This article is about the anime series. For the mecha themselves, see Mobile weapons.
The Gundam Series (ガンダムシリーズ, Gandamu Shirīzu) is a metaseries of space opera anime created by Sunrise studios that features giant robots (or "mecha") called "Mobile Suits" (MS); usually the protagonist's MS will carry the name Gundam.
The metaseries started on April 7, 1979, as a serial TV show called Mobile Suit Gundam. That first TV series has since spawned a franchise that has come to include works released in numerous media. Titles have appeared in the form of multiple television series and OVAs, movies, manga, novels and video games, among other modes. The story from the original 1979 series has been considerably extended with sequels, prequels, side stories and alternate timelines. As a result, the title Gundam has become a collective term for the seven distinct but related timelines that can be pieced together from the stories that appear in the Gundam franchise. Generally speaking, the timelines do not intersect, but they do contain a few common elements such as the titular war machines called Gundam. However, all Gundam timelines and worlds, long after their own anime series, do eventually intersect and combine in the series Turn A Gundam.
The original timeline for the Gundam series was the Universal Century (UC) series, which included Mobile Suit Gundam (1979) and Mobile Suit Zeta Gundam (1985). Since the 1990s, alternative timelines have been produced and developed, including the Future Century, After Colony, After War, Correct Century, Cosmic Era, Anno Domini and Advanced Generation timelines.
As of January 21, 2008, the Gundam franchise is a 50 billion yen trademark. A year 2000 press release stated that retail sales of Gundam items had totaled $5 billion. In the 2008 ranking of average sales figures for anime copies sold in Japan (1970-2008 total sales figures averaged by episode), Gundam series were in four of the top five places: Mobile Suit Gundam ranked second, with Mobile Suit Gundam SEED Destiny third, Mobile Suit Gundam SEED fourth, and Mobile Suit Zeta Gundam fifth. Also, Mobile Suit Gundam Wing ranked 18th and Mobile Suit Gundam ZZ ranked 20th.Gunpla's (Gundam Plastic model) holds 90% of the Japan character plastic model market.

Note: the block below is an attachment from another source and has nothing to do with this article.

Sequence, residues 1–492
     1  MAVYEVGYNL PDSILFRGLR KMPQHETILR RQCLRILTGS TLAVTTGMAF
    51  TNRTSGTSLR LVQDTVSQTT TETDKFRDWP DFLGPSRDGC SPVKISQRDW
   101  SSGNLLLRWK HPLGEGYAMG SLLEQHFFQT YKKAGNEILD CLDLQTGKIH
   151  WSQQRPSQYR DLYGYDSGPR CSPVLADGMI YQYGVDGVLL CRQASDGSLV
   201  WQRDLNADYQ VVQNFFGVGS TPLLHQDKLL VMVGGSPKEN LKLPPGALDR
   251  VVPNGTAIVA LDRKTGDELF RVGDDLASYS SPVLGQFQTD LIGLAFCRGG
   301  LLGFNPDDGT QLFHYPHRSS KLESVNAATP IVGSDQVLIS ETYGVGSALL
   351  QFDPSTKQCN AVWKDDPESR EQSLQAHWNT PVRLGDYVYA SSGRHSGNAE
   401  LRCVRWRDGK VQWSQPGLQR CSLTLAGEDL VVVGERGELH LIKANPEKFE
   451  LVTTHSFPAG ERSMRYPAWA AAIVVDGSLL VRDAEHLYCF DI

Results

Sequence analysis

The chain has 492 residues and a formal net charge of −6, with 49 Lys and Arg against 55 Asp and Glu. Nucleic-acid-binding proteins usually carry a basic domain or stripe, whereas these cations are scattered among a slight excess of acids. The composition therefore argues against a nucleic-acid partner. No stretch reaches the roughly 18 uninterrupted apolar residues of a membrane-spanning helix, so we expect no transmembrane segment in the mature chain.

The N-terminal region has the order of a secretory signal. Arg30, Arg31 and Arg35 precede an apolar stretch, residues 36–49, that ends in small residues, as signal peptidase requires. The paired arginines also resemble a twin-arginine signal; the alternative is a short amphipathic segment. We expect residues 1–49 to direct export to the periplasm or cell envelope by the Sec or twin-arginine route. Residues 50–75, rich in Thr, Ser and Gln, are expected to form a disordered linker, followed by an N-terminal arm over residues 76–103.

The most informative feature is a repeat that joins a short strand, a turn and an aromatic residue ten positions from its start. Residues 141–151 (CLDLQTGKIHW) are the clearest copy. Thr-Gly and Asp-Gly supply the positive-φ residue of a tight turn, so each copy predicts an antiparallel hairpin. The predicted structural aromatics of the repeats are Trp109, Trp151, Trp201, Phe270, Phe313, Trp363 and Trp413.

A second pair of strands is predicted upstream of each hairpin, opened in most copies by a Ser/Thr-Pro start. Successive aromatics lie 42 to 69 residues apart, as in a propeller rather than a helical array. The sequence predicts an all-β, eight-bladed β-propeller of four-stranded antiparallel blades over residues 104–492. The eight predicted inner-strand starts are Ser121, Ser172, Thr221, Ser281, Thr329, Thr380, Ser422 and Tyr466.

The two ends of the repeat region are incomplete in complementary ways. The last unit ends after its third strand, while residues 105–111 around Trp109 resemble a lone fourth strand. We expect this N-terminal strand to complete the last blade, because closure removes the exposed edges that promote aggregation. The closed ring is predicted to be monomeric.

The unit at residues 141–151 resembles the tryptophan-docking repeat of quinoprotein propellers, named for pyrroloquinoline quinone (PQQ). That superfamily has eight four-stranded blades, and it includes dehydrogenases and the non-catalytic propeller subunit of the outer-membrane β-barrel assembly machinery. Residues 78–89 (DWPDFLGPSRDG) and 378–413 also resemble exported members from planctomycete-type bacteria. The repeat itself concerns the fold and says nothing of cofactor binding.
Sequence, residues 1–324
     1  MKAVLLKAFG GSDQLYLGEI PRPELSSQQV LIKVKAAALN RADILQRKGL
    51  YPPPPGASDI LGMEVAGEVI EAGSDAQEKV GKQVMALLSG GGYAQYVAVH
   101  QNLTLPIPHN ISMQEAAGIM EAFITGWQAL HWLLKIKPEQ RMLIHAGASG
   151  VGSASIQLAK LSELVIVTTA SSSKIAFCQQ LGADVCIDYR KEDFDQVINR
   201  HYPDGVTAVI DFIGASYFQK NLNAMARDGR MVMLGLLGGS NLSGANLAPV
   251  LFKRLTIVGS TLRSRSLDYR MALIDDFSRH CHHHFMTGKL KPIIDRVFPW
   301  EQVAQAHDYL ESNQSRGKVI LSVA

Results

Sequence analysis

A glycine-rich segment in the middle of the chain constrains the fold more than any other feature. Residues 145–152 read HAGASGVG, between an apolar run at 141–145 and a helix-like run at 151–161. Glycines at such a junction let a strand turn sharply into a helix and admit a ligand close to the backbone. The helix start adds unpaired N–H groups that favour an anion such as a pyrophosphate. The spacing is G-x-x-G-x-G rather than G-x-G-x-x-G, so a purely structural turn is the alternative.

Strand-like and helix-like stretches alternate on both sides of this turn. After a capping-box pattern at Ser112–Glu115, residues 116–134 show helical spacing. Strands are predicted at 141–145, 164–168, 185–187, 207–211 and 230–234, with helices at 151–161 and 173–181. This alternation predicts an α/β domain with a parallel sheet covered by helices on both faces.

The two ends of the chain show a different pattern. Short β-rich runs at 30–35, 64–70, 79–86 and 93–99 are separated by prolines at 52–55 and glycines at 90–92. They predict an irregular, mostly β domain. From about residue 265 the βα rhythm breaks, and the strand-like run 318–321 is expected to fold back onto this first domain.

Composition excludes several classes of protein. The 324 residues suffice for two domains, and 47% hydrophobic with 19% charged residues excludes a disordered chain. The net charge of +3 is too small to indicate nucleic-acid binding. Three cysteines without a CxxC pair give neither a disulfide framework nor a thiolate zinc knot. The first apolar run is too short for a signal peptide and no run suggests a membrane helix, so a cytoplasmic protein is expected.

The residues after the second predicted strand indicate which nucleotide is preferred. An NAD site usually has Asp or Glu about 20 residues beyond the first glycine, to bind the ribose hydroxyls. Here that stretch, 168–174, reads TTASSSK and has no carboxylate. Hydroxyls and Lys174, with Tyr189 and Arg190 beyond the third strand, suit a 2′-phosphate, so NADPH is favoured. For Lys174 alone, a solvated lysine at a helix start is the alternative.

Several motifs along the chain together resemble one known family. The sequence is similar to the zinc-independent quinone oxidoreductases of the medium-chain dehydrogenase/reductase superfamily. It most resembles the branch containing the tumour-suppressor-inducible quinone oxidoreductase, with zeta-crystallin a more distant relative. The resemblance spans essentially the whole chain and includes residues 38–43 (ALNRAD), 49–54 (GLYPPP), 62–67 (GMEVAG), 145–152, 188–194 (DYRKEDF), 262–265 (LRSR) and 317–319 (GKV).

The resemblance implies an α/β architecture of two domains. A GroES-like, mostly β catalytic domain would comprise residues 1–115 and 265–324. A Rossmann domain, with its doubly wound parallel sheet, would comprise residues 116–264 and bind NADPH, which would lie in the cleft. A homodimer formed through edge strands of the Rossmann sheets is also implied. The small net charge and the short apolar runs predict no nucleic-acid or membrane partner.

Academics in Japan have also viewed the series as inspiration, with the International Gundam Society being the first academic institution based on an animated TV series.
1.4 Timelines and the definition of Gundam,
2.1 Animated series and films,
2.2 Live-action film,
2.3 Manga and novels,
2.4 Series about Gundam modeling simulation battle,
2.5 Video games,
2.6 Gundam model,
2.7 Other Merchandise,
4 See also,
7 External links,
Mobile Suit Gundam was principally developed by renowned animator Yoshiyuki Tomino, along with a changing group of Sunrise creators who went under the collective pseudonym of "Hajime Yatate".